PIT 2, UNDER EXCAVATION

Pit 2, located 20 meters north of Pit 1 is very different. Smaller (but still 6,000 meters square), and shaped in an “L” it contains mixed military forces of archers, charioteers, cavalry and infantry. At present, a large portion remains unexcavated.

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I would think that when deciding if you wish to be an archaeologist, the first question you should ask yourself is “Do I like jigsaw puzzles?”

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Well preserved charioteers.

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TERRACOTTA ARMY, PIT 1

A few more shots from Pit 1. The front of the pit is all assembled in neat rows.

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The back is still under excavation with the soldiers being excavated and assembled.

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Saran wrap, not just for keeping your produce fresh.

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If you look closely, you can see remnants of the original paint.

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An army partly assembled. Note how each horse is different.

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A chariot partially recovered.

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One last shot from Pit 1, to give you a sense of scale.

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They still have lots to uncover.

TERRACOTTA ARMY, XI’AN

The Terracotta Army went on my personal bucket list many years go while living in England, at the O2 for one reason – seeing 30 warriors at the British Museum did not cut it.

The army is estimated to have taken 36 years to complete and 700,000 workers. At the time I did not know where Xi’an was in China,  I certainly did not think that we would be living in Tokyo (although Singapore was always heavily under family consideration), but I knew it had to happen.

It was worth the wait and the effort. Broken into a series of “pits”, with several still being excavated, the scale of the place is staggering.

Thousands of warriors, each different standing in rows, their weapon disintegrated but their bodies remaining. Amazing.

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On many you can still see the paint remnants.

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Rows, and rows and rows.

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The chariots.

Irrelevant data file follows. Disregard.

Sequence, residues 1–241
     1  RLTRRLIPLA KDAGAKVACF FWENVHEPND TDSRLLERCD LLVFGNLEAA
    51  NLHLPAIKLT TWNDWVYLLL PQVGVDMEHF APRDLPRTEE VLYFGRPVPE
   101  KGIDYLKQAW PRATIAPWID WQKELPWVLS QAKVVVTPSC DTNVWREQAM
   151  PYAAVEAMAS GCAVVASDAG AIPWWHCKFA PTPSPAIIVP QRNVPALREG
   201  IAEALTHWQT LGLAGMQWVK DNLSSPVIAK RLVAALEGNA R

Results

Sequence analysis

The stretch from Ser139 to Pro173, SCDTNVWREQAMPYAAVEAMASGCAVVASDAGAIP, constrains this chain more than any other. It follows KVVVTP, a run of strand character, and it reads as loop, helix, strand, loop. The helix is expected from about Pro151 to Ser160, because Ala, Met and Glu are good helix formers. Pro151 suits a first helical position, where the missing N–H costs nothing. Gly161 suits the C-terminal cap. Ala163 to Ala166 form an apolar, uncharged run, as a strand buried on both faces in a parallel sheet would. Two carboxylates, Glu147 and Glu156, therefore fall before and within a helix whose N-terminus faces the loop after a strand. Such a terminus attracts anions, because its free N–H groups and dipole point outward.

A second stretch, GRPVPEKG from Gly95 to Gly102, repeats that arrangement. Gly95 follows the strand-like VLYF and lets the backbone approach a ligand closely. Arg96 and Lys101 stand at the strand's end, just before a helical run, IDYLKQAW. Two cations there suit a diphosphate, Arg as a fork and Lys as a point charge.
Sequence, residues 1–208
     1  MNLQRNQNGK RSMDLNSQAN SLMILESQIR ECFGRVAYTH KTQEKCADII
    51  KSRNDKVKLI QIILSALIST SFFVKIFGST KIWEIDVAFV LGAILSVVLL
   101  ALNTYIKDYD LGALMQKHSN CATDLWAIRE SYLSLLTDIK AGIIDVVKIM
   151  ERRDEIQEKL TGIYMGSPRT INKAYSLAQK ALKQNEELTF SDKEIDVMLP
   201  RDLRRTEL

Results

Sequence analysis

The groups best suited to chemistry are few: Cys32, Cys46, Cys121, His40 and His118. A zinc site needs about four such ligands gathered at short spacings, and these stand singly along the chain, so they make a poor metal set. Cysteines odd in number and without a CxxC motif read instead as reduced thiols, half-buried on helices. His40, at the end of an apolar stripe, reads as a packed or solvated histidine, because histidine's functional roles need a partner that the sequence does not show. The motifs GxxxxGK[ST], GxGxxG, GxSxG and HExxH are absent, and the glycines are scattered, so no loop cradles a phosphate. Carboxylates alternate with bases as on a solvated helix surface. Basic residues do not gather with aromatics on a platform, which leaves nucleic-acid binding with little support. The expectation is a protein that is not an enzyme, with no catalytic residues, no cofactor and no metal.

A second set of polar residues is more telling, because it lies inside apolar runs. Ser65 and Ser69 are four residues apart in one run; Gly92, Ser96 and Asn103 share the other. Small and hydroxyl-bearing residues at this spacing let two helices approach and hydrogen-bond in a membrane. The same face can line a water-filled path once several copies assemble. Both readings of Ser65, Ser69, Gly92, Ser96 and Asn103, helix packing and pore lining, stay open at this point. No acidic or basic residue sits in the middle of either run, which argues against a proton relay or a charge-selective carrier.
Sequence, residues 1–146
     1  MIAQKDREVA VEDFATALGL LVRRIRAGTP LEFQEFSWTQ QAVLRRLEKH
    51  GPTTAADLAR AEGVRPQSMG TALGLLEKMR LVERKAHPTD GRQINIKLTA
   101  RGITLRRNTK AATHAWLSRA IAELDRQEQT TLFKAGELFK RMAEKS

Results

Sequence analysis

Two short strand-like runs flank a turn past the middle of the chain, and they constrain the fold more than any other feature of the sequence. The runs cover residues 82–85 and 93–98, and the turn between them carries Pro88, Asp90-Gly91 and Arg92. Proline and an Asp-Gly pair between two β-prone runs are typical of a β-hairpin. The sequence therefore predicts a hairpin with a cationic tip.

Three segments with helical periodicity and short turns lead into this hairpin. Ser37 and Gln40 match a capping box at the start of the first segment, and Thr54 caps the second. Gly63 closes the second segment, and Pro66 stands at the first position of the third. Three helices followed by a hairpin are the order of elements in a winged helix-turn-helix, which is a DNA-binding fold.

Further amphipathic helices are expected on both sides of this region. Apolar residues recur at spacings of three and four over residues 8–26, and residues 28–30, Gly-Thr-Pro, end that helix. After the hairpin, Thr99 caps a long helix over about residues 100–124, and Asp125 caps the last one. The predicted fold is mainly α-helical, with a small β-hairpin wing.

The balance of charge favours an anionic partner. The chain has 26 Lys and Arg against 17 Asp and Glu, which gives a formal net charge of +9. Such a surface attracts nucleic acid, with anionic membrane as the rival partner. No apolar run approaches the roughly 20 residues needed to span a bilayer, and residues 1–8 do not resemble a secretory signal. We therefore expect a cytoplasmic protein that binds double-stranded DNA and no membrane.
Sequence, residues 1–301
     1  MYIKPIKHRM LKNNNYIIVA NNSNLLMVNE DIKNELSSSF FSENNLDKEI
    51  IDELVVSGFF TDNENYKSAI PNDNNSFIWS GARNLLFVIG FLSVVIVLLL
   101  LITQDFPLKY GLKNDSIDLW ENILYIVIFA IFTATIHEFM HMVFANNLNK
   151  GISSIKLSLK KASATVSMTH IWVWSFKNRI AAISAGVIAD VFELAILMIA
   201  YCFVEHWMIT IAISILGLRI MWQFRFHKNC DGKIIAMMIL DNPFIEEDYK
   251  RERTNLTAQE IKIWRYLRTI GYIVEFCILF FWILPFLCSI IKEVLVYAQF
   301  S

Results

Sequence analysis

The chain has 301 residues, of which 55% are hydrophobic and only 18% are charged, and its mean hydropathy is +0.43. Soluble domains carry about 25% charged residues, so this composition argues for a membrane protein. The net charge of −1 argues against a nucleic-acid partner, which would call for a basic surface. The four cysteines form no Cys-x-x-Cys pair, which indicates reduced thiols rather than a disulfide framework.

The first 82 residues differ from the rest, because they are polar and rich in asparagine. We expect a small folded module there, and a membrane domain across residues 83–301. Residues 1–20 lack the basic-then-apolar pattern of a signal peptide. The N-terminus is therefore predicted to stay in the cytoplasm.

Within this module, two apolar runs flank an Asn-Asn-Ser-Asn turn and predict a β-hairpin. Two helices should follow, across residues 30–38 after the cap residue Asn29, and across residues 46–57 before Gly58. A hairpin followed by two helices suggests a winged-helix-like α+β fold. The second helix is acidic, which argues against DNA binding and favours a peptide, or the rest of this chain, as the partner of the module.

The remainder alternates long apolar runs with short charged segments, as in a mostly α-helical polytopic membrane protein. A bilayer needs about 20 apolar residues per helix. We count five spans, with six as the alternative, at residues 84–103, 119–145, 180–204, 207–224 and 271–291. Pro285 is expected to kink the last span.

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Oddly enough, this is the only warrior I saw that looked out of proportion. A charioteer.

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700,000 people and 36 years. It boggles the mind.

THE GREAT WALL

There are two ways to do the great wall. Hitting the tourist areas which are cleared out, easy access and involves a cable ride up and taking a ride down to the bottom via a toboggan  OR hitting an abandoned area with a guide.

We chose the abandoned hike route.

The hike was 7-8km long and not the easiest. A fit family, but when it is 35C (+humidity), not a cloud in the sky and the first 1.5km involves an elevation change of 800 meters, your fitness is tested (Actually, the other 3 did fine, the only one tested was me). Fortunately, our guide provided the right amount of instruction on quantity of water and ensured that we brought enough food.

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I will say that about half way up with a backpack full of bottled water, my Canon 5D Mark III, the 28-300mm f/2.8 lens and a 50mm lens stored in my pack (Why a 50mm? No idea), I was wondering if I should have packed a bit lighter.

Our starting point was at what use to be a resort hotel of some type – no longer.

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The chicken coop at the start of the hike.

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The trail up is a mix of steps (In a few of the steepest places) and rough hiking trails – at a 45 degree or steeper angle. The math makes sense, 1.5km, 800m elevation. Clearly not over-used. In our 7-8 hour hike, we saw 2 other people who were on a hike with their dogs.

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As we stopped, we took the time to look back over the valley. Beautiful views and a clear day. A stark contrast to the polluted Beijing sky.

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It is a long way up but very satisfying when we came around a corner and the wall came into sight.

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Our destination where we will break out lunch.

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A good start.

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THE NINE DRAGON WALL

In the Forbidden City, Beijing, China.

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A little bit on the history of the wall:

is a type of screen wall with reliefs of nine different Chinese dragons. Such walls are typically found in imperial Chinese palaces and gardens.

Early reference to the tradition of putting a screen wall at the gate is found in the Analects, 3:22: therein, it is mentioned as a trivial ritual norm ("The princes of States have a screen intercepting the view at their gates". 邦君樹塞門, trans. by James Legge).

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Built in 1771. It is beautiful to look at.

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